William F. Buckley Jr’s Nephew Fires at National Review

By Michael W. Chapman | December 15, 2011 | 4:11pm EST

William F. Buckley Jr. (1925-2008), the founder of National Review magazine in 1955 and prominent leader of the conservative movement for more than half a century. He retired as editor-in-chief of National Review in 1990. (AP Photo)

Brent Bozell, a nephew of conservative icon William F. Buckley Jr., who founded National Review magazine in 1955, and whose father, Leo Brent Bozell, collaborated with Buckley for many years at NR, today dismissed the magazine as having lost the identity forged for it by its founder.

National Review's endorsement of Romney & Huntsman proves only that this is no longer the magazine of William F. Buckley Jr.  My uncle would be appalled,” said Bozell in postings on Facebook and on Twitter.

In its Dec. 14 “The Editors" page, National Review published an editorial entitled “Winnowing the Field,” which flippantly dismissed many of the strong conservatives running in the race for the GOP presidential nomination and essentially gave its conservative imprimatur--for what it’s worth these days--to Mitt Romney and Jon Huntsman.

NR kept a few kind words for Rick Santorum but dismissed Newt Gingrich, Michele Bachmann, Ron Paul, and Rick Perry.

“We fear that to nominate former Speaker Newt Gingrich, the frontrunner in the polls, would be to blow this opportunity,” said NR, whose editor, Rich Lowry, took the reins of NR in 1997. (Buckley had resigned as editor-in-chief in 1990 and he died in 2008.)

“We say that mindful of his opponents’ imperfections--and of his own virtues, which have been on display during his amazing comeback,” reads the editorial. “Very few people with a personal history like his--two divorces, two marriages to former mistresses -- have ever tried running for president. Gingrich himself has never run for a statewide office, let alone a national one, and has not run for anything since 1998.”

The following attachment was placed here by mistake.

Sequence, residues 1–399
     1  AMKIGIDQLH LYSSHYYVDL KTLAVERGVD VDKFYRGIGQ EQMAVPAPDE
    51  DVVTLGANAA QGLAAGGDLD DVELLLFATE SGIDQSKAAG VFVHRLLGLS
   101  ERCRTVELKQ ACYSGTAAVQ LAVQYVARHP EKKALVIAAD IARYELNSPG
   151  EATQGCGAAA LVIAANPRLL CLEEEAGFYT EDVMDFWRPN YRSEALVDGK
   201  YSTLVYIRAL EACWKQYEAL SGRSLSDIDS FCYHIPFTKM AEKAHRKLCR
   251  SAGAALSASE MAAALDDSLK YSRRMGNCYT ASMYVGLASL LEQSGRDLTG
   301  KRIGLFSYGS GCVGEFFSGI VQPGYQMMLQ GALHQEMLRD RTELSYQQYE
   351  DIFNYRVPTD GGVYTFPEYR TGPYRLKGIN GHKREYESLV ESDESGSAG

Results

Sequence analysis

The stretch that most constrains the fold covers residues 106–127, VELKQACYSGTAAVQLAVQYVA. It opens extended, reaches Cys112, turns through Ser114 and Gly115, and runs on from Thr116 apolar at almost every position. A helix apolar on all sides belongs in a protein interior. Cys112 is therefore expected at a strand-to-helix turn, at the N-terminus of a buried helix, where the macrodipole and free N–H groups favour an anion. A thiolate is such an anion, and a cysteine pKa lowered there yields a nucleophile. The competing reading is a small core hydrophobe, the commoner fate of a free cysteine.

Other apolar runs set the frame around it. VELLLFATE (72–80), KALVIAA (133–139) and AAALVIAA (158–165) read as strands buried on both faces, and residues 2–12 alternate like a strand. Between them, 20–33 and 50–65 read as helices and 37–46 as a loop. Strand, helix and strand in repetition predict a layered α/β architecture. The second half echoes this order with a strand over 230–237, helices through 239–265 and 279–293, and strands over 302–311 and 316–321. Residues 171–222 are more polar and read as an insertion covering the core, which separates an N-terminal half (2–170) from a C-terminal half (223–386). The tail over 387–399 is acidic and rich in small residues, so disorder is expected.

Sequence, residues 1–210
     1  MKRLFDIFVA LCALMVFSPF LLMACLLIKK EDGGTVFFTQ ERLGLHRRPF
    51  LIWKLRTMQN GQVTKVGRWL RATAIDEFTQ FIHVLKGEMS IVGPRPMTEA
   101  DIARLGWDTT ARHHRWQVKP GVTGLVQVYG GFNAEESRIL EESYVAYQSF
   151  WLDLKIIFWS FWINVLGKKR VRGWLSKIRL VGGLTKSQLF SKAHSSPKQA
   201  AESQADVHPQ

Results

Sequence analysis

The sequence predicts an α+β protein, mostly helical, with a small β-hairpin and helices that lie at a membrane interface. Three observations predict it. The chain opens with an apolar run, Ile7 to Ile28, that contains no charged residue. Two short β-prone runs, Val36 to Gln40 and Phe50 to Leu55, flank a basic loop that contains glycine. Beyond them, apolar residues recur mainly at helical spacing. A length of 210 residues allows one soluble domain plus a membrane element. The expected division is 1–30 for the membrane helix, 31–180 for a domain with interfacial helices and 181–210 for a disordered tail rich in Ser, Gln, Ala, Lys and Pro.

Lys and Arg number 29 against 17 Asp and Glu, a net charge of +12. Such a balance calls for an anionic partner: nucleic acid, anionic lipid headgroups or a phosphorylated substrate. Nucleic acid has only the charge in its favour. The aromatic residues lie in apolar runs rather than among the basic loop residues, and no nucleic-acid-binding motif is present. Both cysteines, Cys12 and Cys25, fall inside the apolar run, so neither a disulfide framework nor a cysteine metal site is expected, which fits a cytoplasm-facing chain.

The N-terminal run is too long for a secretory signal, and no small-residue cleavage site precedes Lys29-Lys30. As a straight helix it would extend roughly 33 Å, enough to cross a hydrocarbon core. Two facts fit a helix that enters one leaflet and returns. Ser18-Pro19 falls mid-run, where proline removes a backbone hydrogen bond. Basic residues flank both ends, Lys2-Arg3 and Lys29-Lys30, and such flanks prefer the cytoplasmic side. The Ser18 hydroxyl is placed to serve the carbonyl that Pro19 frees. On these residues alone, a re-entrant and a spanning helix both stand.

L. Brent Bozell III, president of the Media Research Center, and nephew of the late William F. Buckley Jr.

As for Rick Perry, he has “seemed curiously and persistently unable to bring gravity to the national stage,” reads the editorial, and “conservatism should not choose a standard-bearer who would have to spend much of his time untying his own tongue.”

Michele Bachmann has “sincere conviction,” according to NR, but this is hindered by apparently poor “judgment.” And Ron Paul’s “dabbling in vile conspiracy theories about September 11 are a reminder that the excesses of the movement he leads are actually its essence,” says NR.

Concerning Jon Huntsman, NR says he "has a solid record" and "his main weakness is his apparent inability, so far, to forge a connection with conservative voters outside Utah."

Mitt Romney, says NR, "won our endorsement last time, in part because some of the other leading candidates were openly hostile to important elements of conservatism. He is highly intelligent and disciplined, and he takes conservative positions on all the key issues. We still think he would make a fine president, but time and ceaseless effort have not yet overcome conservative voters’ skepticism about the liberal aspects of his record and his managerial disposition."  Santorum's problem, claims NR, is that the former U.S. senator lacks "executive experience."

Brent Bozell is the president of the Media Research Center, a conservative media watchdog group (and the parent organization of, and is a long-time conservative activist. He founded the Parent’s Television Council and ForAmerica, and is the author of several books, including Whitewash: What the Media Won’t Tell You About Hillary Clinton But Conservatives Will (with co-author Tim Graham), and Weapons of Mass Distortion: The Coming Meltdown of the Liberal Media.

Bozell’s father, Leo Brent Bozell, married William F. Buckley Jr’s sister, Patricia, in 1949 and they had 10 children. The elder Bozell (1926-1997) was a debating society teammate with Buckley at Yale University, and when National Review started in 1955, Bozell wrote regular pieces on public policy for the magazine. He also ghostwrote the famous and influential book, The Conscience of a Conservative, for Sen. Barry Goldwater.

National Review was long the flagship of the conservative movement throughout the 1960s, 70s, 80s and 90s. But when William F. Buckley Jr. retired, the magazine slowly lost its intellectual vigor and conservative acumen. Its latest political tack indicates that NR is philosophically lost at sea.

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